"[The Access Officer] maintains that during your conversation you stated that you were not receiving assistance from Revenue Access Officers. It was in relation to this specific point that Ms [X] explained to you that Revenue has always helped you in every way they could. She was in a position where she could rightly make this assertion as it is based on fact and is backed up by Revenue records."

Section 9 of the FOI Act provides for the amendment of personal information in a record held by a public body where that information is incomplete, incorrect or misleading. For the purposes of the FOI Act, personal information is information about an identifiable individual that (a) would ordinarily be known only to the individual or members of his/her family or friends, or (b) is held by an FOI body on the understanding that it would be treated by it as confidential. Revenue's argument is that the statement in question does not fall within (a) or (b) of the definition, based on its understanding that this Office considered a similar argument previously in Case 000542 (Ms X. & A Department). In my view, Revenue's application of the Commissioner's findings in Case 000542 to this case is flawed. In the earlier case, the record at issue was described as a commentary on events at a particular meeting, as perceived by an official of the body, which contained nothing about the applicant of an essentially private nature but rather, concerned the actions of the individual, in her official capacity as a specified employee.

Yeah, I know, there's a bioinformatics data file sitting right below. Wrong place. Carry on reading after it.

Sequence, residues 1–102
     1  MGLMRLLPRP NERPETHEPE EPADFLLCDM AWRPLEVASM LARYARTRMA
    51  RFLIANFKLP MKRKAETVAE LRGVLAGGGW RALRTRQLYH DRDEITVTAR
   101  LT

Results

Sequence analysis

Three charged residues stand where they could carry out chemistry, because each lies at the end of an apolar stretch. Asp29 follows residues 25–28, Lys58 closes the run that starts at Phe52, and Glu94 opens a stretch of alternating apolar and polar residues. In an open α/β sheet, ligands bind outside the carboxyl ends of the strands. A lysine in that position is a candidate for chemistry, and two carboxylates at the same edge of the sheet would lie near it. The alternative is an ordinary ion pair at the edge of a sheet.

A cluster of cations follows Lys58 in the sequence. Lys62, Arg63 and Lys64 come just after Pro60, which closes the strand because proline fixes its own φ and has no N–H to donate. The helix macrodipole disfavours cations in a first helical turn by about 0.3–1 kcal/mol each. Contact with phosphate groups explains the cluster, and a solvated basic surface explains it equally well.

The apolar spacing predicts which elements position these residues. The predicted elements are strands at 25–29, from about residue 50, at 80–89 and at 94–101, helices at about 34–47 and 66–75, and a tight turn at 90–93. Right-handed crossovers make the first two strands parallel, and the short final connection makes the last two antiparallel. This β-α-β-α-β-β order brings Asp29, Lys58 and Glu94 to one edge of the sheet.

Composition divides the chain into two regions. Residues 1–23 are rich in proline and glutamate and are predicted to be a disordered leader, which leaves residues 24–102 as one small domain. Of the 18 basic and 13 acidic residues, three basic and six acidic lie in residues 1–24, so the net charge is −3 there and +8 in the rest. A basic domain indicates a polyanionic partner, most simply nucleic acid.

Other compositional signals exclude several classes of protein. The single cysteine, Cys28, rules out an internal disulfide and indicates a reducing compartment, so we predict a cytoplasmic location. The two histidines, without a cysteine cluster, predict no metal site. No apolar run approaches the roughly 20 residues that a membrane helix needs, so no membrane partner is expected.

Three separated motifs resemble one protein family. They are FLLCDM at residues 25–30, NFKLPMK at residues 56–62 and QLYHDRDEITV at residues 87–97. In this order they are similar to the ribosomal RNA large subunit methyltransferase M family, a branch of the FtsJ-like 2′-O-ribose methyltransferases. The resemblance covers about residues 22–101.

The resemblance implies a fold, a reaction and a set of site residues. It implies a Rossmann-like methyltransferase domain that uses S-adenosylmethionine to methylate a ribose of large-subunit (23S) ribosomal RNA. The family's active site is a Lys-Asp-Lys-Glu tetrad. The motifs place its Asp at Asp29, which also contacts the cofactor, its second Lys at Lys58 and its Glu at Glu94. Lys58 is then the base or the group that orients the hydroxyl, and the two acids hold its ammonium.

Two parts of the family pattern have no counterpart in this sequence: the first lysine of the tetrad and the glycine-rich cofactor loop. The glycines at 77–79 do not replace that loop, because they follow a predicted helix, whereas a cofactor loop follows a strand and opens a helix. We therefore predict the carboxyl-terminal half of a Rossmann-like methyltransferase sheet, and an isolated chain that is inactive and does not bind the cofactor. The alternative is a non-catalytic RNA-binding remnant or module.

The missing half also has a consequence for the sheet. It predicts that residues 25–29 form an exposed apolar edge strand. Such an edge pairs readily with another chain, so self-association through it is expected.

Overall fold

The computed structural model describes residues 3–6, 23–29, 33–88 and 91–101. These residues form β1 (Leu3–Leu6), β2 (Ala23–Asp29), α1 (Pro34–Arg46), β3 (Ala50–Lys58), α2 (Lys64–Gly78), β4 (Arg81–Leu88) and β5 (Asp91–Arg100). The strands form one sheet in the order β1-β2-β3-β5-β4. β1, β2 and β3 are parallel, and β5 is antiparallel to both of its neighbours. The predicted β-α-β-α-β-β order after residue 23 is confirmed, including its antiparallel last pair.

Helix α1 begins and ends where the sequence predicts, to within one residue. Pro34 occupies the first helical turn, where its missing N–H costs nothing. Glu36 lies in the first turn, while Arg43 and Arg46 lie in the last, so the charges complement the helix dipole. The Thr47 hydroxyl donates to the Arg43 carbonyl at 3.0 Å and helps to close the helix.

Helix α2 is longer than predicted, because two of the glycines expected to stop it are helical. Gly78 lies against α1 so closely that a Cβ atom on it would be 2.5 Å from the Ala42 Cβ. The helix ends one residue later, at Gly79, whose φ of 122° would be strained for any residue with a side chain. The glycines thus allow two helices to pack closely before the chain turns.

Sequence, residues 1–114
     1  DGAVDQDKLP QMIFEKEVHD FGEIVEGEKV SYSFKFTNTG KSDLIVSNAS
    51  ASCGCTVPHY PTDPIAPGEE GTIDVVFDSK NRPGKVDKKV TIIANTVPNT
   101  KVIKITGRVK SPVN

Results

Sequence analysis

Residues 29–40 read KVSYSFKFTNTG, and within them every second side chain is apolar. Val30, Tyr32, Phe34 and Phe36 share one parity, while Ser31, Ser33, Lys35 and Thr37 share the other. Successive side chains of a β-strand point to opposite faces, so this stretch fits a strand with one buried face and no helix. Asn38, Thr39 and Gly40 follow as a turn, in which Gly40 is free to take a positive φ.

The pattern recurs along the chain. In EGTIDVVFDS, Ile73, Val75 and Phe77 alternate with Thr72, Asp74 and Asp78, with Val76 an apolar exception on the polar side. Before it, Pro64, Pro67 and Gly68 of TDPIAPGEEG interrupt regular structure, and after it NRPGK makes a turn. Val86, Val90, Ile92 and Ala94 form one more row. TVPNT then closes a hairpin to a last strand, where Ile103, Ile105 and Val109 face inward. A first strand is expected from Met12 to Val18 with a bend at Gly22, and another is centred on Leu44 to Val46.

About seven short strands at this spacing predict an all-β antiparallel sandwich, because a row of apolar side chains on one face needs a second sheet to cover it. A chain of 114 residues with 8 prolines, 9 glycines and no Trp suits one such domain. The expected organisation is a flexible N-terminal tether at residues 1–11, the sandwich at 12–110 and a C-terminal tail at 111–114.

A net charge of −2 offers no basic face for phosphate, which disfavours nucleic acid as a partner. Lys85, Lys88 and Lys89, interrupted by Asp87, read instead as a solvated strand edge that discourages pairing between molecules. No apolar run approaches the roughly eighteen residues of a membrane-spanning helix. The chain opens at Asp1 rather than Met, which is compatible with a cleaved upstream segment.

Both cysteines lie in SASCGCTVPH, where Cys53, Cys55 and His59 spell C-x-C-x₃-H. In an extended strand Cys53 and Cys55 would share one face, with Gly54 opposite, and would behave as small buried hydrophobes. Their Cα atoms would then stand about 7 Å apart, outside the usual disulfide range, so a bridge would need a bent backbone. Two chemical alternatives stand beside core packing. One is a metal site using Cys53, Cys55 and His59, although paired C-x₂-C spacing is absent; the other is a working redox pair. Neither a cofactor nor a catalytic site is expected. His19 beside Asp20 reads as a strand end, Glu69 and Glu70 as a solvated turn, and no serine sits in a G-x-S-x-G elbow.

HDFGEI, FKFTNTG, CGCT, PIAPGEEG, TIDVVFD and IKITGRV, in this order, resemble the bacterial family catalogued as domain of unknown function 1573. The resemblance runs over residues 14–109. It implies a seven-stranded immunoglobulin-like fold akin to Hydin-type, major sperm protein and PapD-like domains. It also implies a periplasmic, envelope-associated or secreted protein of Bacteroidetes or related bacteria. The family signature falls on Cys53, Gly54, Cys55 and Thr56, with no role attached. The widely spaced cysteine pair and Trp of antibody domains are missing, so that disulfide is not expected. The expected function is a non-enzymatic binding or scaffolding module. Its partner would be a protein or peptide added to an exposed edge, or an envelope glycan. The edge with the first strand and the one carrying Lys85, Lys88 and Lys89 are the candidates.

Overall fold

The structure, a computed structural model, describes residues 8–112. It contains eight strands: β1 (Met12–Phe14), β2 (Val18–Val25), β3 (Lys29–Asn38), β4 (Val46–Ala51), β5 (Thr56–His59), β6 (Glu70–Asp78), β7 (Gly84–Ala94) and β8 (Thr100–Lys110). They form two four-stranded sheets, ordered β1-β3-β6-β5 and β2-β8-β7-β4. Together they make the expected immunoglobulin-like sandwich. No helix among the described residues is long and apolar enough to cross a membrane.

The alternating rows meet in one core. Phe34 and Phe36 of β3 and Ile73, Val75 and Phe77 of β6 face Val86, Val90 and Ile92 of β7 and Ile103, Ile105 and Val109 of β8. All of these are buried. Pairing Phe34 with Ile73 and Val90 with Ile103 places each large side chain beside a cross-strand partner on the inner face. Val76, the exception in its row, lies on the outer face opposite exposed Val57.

In this case, the statement, which appears to have been accepted by Revenue's Inquiry Officer as justified and supported by Revenue records, is essentially concerned with how Revenue considers it has treated the applicant in its dealings with him as a customer. In my view, such information is of a type that would, indeed, be held by Revenue on the understanding that it would be treated by it as confidential. Accordingly, I am satisfied that it is personal information relating to the applicant.

The FOI Act is silent on the question of where the onus of proof lies in cases where the amendment of personal information is sought. The Information Commissioner takes the view that, in the absence of any express statement in the FOI Act, the onus of proof lies on the applicant as the party asserting that the information is incomplete, incorrect or misleading. The Act is also silent as to the standard of proof which should apply in such cases. The Commissioner takes the view that the standard of proof required is that of "the balance of probabilities". It follows that an applicant, seeking to exercise the right of amendment under section 9 must show that the information which is the subject of the application is on the balance of probabilities, incomplete, incorrect or misleading.

In his submission to this Office the applicant argued that the comment implies that Revenue's access officers have done not only what was required by the Disability Act 2005 but that they have gone longways beyond that, even to the point where a disproportionate effort was made, possibly even up to and including, the paying of his property tax. I do not accept that argument as I believe it to be an entirely unreasonable interpretation of the meaning and intent of the comment.